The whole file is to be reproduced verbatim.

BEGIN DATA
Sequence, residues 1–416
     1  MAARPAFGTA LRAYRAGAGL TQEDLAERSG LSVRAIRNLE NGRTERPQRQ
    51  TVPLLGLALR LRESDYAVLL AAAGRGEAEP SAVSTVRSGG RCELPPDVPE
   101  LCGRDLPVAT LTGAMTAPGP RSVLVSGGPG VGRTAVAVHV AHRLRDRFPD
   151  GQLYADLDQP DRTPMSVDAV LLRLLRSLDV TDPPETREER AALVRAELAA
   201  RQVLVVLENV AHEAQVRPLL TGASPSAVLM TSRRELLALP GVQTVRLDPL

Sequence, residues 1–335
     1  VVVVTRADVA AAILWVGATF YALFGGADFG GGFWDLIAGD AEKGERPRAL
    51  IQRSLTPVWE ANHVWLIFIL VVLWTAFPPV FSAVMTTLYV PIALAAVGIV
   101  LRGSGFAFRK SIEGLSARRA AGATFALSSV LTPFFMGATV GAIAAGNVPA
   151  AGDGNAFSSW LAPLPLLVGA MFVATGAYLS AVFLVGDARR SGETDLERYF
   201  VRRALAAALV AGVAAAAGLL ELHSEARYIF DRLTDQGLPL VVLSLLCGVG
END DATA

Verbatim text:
Sequence, residues 1–416
     1  MAARPAFGTA LRAYRAGAGL TQEDLAERSG LSVRAIRNLE NGRTERPQRQ
    51  TVPLLGLALR LRESDYAVLL AAAGRGEAEP SAVSTVRSGG RCELPPDVPE
   101  LCGRDLPVAT LTGAMTAPGP RSVLVSGGPG VGRTAVAVHV AHRLRDRFPD
   151  GQLYADLDQP DRTPMSVDAV LLRLLRSLDV TDPPETREER AALVRAELAA
   201  RQVLVVLENV AHEAQVRPLL TGASPSAVLM TSRRELLALP GVQTVRLDPL

Sequence, residues 1–335
     1  VVVVTRADVA AAILWVGATF YALFGGADFG GGFWDLIAGD AEKGERPRAL
    51  IQRSLTPVWE ANHVWLIFIL VVLWTAFPPV FSAVMTTLYV PIALAAVGIV
   101  LRGSGFAFRK SIEGLSARRA AGATFALSSV LTPFFMGATV GAIAAGNVPA
   151  AGDGNAFSSW LAPLPLLVGA MFVATGAYLS AVFLVGDARR SGETDLERYF
   201  VRRALAAALV AGVAAAAGLL ELHSEARYIF DRLTDQGLPL VVLSLLCGVG